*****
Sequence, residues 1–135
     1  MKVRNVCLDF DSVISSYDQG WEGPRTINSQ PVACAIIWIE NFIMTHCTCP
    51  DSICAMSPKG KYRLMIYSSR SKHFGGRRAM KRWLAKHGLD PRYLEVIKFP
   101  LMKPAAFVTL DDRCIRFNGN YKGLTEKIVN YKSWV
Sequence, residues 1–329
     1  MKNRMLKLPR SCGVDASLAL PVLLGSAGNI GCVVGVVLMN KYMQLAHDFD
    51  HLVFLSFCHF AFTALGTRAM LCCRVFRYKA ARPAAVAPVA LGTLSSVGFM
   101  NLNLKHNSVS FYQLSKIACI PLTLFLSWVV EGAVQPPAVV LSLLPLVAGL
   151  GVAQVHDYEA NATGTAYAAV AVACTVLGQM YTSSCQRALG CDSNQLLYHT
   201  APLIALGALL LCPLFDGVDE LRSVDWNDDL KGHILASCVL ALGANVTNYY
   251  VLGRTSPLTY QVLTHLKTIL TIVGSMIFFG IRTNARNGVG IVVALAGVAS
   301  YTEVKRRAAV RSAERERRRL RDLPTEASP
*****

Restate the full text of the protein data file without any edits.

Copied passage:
Sequence, residues 1–135
     1  MKVRNVCLDF DSVISSYDQG WEGPRTINSQ PVACAIIWIE NFIMTHCTCP
    51  DSICAMSPKG KYRLMIYSSR SKHFGGRRAM KRWLAKHGLD PRYLEVIKFP
   101  LMKPAAFVTL DDRCIRFNGN YKGLTEKIVN YKSWV
Sequence, residues 1–329
     1  MKNRMLKLPR SCGVDASLAL PVLLGSAGNI GCVVGVVLMN KYMQLAHDFD
    51  HLVFLSFCHF AFTALGTRAM LCCRVFRYKA ARPAAVAPVA LGTLSSVGFM
   101  NLNLKHNSVS FYQLSKIACI PLTLFLSWVV EGAVQPPAVV LSLLPLVAGL
   151  GVAQVHDYEA NATGTAYAAV AVACTVLGQM YTSSCQRALG CDSNQLLYHT
   201  APLIALGALL LCPLFDGVDE LRSVDWNDDL KGHILASCVL ALGANVTNYY
   251  VLGRTSPLTY QVLTHLKTIL TIVGSMIFFG IRTNARNGVG IVVALAGVAS
   301  YTEVKRRAAV RSAERERRRL RDLPTEASP